Food for the Planet is a Sustainable Food Places campaign which looks at how we can transform our food and farming systems to embrace agroecological production, sustainable diets, and an end to food waste. As part of this campaign in Newcastle, Food Newcastle has been along to Byker-based Fyto, Newcastle’s first and only hydroponic vertical farm, to explore how their approach to growing fits into Food Newcastle’s mission for sustainable food culture in our city.
Food Newcastle headed to Hoults Yard, a business village just a 10-minute drive from Newcastle’s City Centre. Walking around Hoults Yard, you’d find yourself wondering how a ‘farm’ exists here. Nestled inside the industrial units, the technology of this style of farming allows for crops to grow in locations that conventional farming can’t. The produce grow in shallow trays, under LED lights, in a controlled environment to eliminate the need for pesticides. Inside, it is a treasure trove of herbs, garnishes, and micro greens, with a variety of usual tastes – their Lemon Verbena tastes of lemon sherbet.
Fyto’s purpose is to transform Newcastle’s food system as much as they can. Speaking with one of the founders, Greg, he expressed, “we thought it was absolute madness that food like herbs were being transported from Egypt and Kenya… our goal is to get food not shipped all over the world, and it is higher quality”. Because of this, they pride themselves on being ‘hyper-local,’ built on the ethos that no food should travel further than it needs to. Fyto believes this is the solution to the environmental impacts of modern global food production, from transport emissions and excessive plastic packaging to soil degradation and food waste.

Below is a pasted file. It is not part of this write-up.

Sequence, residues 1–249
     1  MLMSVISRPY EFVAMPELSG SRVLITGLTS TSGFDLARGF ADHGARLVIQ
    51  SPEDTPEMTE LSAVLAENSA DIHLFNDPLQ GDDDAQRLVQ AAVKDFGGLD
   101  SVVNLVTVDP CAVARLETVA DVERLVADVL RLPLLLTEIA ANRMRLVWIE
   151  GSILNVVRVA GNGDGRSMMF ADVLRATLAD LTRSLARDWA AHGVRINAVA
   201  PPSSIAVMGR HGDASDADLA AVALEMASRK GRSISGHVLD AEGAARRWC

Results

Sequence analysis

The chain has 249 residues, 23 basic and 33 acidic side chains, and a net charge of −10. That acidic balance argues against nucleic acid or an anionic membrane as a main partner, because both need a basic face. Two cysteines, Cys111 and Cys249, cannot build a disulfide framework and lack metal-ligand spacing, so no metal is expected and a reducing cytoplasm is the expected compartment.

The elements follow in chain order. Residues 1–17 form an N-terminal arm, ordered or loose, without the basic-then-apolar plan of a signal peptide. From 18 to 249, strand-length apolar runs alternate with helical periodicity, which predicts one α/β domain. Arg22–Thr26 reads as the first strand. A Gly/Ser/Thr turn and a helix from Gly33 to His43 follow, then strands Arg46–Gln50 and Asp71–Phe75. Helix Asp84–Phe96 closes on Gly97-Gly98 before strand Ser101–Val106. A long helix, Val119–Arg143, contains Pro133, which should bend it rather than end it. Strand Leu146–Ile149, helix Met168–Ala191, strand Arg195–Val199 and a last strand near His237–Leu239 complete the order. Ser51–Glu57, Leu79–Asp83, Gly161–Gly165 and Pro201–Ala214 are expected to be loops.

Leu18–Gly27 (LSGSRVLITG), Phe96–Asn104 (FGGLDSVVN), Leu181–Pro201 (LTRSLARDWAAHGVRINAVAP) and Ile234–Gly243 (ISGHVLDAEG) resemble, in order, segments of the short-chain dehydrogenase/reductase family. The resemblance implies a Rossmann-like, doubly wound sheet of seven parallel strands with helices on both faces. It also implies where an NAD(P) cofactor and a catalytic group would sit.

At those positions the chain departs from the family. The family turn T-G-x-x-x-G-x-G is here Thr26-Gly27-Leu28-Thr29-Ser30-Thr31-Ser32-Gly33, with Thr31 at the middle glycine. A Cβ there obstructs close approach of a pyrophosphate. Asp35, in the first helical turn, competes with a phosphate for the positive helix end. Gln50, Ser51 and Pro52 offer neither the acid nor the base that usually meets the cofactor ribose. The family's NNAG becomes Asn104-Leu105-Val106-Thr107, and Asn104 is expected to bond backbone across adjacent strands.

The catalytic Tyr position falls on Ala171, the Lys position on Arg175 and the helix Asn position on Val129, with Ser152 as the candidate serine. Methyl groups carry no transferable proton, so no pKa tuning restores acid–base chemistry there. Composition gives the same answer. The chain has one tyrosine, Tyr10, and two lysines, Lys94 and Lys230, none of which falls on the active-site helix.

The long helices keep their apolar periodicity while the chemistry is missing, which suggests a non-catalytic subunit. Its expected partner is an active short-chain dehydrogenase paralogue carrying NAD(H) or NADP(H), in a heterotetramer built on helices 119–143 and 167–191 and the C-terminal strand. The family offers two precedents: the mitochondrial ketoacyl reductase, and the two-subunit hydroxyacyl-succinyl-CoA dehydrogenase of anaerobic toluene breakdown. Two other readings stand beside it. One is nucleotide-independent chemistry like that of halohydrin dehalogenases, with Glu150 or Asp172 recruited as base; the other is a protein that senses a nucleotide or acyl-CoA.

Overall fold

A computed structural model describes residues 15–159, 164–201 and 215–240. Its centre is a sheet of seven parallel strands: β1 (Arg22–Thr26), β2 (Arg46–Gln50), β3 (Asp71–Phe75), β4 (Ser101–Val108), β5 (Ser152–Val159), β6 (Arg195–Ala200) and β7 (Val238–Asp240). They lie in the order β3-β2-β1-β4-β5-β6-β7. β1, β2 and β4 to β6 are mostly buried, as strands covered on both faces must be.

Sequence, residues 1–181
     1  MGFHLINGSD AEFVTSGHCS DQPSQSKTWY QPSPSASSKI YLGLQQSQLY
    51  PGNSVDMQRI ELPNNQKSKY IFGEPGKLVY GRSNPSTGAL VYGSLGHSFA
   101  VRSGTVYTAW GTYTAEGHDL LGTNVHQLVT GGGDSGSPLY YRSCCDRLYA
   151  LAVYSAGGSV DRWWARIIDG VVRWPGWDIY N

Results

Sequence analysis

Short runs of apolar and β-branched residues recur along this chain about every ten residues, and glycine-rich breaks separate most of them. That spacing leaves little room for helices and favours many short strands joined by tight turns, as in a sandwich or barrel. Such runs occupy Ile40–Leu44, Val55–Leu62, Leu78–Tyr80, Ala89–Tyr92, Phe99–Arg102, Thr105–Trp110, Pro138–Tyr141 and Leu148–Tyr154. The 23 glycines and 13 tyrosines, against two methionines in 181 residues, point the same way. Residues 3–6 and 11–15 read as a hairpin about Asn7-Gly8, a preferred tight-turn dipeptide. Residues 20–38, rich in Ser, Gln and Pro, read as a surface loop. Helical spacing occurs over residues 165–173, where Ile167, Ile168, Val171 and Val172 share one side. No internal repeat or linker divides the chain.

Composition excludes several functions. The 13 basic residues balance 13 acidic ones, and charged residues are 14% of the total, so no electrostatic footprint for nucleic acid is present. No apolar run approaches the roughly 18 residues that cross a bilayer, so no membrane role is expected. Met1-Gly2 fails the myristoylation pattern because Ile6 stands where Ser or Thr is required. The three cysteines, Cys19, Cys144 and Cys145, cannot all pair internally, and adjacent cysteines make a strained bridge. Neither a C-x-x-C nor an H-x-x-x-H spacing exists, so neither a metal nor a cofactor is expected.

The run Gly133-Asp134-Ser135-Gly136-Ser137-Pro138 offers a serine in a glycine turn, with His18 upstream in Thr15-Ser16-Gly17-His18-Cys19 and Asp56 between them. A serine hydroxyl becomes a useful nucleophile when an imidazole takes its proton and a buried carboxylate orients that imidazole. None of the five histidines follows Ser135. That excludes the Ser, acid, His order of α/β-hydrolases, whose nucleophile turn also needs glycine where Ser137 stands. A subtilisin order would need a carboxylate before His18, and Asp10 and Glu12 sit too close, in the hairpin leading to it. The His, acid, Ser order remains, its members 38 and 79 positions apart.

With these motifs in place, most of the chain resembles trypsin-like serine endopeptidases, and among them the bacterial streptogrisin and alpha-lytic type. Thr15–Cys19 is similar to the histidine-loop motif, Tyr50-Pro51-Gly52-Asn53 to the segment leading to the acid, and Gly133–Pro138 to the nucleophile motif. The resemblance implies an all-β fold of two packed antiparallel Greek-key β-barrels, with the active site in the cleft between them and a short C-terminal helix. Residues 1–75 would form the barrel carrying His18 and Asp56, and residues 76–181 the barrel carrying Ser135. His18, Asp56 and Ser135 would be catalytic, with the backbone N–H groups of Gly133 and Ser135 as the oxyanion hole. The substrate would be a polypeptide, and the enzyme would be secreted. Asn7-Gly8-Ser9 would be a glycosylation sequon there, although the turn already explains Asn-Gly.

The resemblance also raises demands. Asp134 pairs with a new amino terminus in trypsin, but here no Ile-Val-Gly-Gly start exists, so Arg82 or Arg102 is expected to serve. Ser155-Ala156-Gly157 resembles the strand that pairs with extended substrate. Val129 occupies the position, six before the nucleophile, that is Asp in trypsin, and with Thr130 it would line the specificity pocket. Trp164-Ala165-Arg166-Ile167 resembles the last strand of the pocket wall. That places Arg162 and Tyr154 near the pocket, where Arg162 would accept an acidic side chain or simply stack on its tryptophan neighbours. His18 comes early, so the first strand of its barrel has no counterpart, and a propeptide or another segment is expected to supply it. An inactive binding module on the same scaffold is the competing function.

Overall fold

Generally, the small amount of land needed for vertical farms means food can be grown nearer to cities, reducing the burden on our natural resources to get produce to the plate. Shortening our supply chains and embracing this hyper-local model of food production not only drastically reduces food miles, but it improves the quality and nutrition of the food too. Food begins to lose its nutrients as soon as it is picked, so imagine the impact this will have on the nutritional value of produce that have traveled halfway across the world.
Greg hopes that bringing food production geographically closer to the community will also increase people’s connection to what they are buying and eating, believing that this sort of model of food production should be on every street corner. By connecting food producers with their customers, we can enhance knowledge and awareness of what goes into producing our food, the challenges involved, and the impact of throwing it away. Greg also expressed how working so closely with their customers enables them to address needs, adapting their inventory of produce to suit the demands of the community they work with.
From their plant-based packaging to using Bud Courier’s zero-emission delivery, sustainability is at the heart of Fyto, and they even empower their customers to grow their own produce by supplying growing units.
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